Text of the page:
By Robin Bronk - 07/24/12 10:42 PM EDT
Three-time Oscar and Emmy-award nominee Diane Ladd currently plays mother to her real-life daughter Laura Dern in the HBO series “Enlightened.” After appearances on multiple television shows throughout the 1960s, Ladd landed her breakthrough role in Roman Polanski’s “Chinatown.” That same year, she was nominated for a Best Supporting Actress Oscar for “Alice Doesn’t Live Here Anymore.” Inspired by the film, the hit television series “Alice” was created, with Ladd playing a starring role.
Ladd went on to have prominent roles in many films, including “Something Wicked This Way Comes,” “Christmas Vacation,” “Citizen Ruth,” “Ghosts of Mississippi,” “Primary Colors,” “28 Days” and “The World’s Fastest Indian.” He performances in “Rambling Rose” and “Wild at Heart” earned her two more Best Supporting Actress nominations. Diane was also nominated for three Emmys for her guest roles in the television series “Dr. Quinn, Medicine Woman,” “Grace Under Fire” and “Touched by an Angel.”
Born in Mississippi, Ladd comes from a family of artists; her mother was an actress, and her cousins include playwright Tennessee Williams and poet Sidney Lanier. A longtime activist, Ladd will be in Washington, D.C., on Wednesday introducing “Cut, Poison and Burn,” a documentary that examines the business of cancer treatment.
ROBIN BRONK: If you had five minutes in the Oval Office with President Obama, what would you discuss with him? What issue would you like him to know about?
DIANE LADD: The first issue that I would bring up is that I would again ask him why my country is still allowing so many runaway productions that are raping money from the United States. Money that we need, and instead are putting it in other countries’ pockets. We are still losing approximately $2 billion a year to runaway film and television productions.
We only have one runaway production tax incentive here in the U.S., and you are talking to the girl that helped get that passed. I spent $60,000 of my own money and made 17 visits to Washington to help get that passed. A bill was finally passed with the help of 14 congressional representatives, including the late Congresswoman Karen McCarthy. Canada has almost 14 tax incentives — Spain, China, they too also have big tax incentives. And look at us — a shame, because show business is one of America’s No. 1 businesses.
When are we going to grow up and claim our power and bring films home? I have had to film in Canada eight times. So, President Obama, bring my business, the great entertainment business, home. And make the congressmen and senators give us some desperately needed tax incentives.
RB: If you could ask President Obama one question, what would that be?
DL: How are we going to save my country? The systems are broken. How do we stop the greed and the selfishness and put joy back into people?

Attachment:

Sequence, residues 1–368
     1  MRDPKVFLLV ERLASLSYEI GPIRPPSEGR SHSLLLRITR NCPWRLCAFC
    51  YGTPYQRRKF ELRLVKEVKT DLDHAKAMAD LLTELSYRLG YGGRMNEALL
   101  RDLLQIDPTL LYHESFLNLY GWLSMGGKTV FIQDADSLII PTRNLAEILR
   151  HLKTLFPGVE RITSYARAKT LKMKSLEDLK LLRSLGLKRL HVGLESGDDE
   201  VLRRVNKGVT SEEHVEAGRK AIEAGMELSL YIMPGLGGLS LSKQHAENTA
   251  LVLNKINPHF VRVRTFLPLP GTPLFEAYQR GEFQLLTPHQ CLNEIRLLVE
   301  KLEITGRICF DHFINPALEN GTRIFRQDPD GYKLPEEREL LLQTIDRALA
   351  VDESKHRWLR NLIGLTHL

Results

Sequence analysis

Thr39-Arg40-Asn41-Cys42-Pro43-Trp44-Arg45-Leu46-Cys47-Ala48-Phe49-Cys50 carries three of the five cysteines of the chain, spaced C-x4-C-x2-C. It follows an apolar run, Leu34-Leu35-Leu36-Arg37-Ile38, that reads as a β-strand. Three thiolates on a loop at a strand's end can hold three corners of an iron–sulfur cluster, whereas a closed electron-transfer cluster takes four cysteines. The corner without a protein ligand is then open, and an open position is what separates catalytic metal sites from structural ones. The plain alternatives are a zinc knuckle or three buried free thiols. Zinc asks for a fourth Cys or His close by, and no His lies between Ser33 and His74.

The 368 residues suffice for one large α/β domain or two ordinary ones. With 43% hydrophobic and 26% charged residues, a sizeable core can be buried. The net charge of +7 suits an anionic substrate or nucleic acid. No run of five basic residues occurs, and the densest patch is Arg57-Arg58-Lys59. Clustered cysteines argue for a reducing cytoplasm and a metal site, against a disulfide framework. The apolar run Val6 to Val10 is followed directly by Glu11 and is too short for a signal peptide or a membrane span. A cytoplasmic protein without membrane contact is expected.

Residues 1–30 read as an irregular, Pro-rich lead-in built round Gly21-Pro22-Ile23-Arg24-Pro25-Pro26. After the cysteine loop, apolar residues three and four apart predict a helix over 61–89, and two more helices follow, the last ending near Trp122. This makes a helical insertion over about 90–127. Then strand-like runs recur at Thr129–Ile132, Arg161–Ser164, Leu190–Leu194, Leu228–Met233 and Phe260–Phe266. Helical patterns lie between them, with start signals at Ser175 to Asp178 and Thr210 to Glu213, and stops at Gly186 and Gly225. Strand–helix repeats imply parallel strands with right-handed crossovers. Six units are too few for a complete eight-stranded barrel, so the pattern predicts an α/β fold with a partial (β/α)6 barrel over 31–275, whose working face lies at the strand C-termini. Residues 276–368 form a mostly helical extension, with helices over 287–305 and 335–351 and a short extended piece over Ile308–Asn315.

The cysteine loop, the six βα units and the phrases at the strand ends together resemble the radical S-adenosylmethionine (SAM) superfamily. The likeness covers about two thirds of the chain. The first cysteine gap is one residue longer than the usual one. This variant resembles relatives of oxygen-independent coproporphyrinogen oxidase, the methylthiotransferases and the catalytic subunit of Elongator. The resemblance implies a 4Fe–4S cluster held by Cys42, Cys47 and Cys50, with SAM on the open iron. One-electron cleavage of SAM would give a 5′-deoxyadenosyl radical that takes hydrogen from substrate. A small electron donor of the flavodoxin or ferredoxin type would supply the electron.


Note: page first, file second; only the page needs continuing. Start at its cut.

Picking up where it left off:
RB: What piece of advice would you give President Obama on the campaign trail?
DL: Find a way to get a lot of money into a lot of people’s pockets right away, so that they all love you when you step on the stage. And number two, smile a lot. Also, if there are promises you haven’t kept, you better explain them.
RB: If you were going to send the president to one of your favorite places in the United States for one day, where would that be? Why?
DL: It would be down south, and it would probably be to New Orleans. At least they will say, “Sit down and have something to eat,” and hug ya. They will hug you and feed you.
RB: What CD/piece of music would you recommend that President Obama add to his collection? Why?
DL: “You Are My Sunshine.” Everybody loves that song and it makes us happy — it’s a happy song.
RB: Would you ever consider a political career?
DL: Believe it or not, I’ve been offered it. There have been people who have said they’d back my whole career. And I told them that I’m a pain in the a--. And they said it’s the pains in the a--es that keep the world livable for the rest of us. But I’m busy enough with show business, and I’m wearing too many hats right now.
Robin Bronk is CEO of The Creative Coalition — the leading national, nonprofit, nonpartisan public advocacy organization of the entertainment industry. Bronk is a frequent speaker on the role of the entertainment industry in public advocacy campaigns and represents The Creative Coalition and its legislative agenda before members of Congress and the White House. She produced the feature film “Poliwood,” airing on Showtime, and edited the recently published book Art & Soul. Bronk pens this weekly column with assistance from Risa Kotek.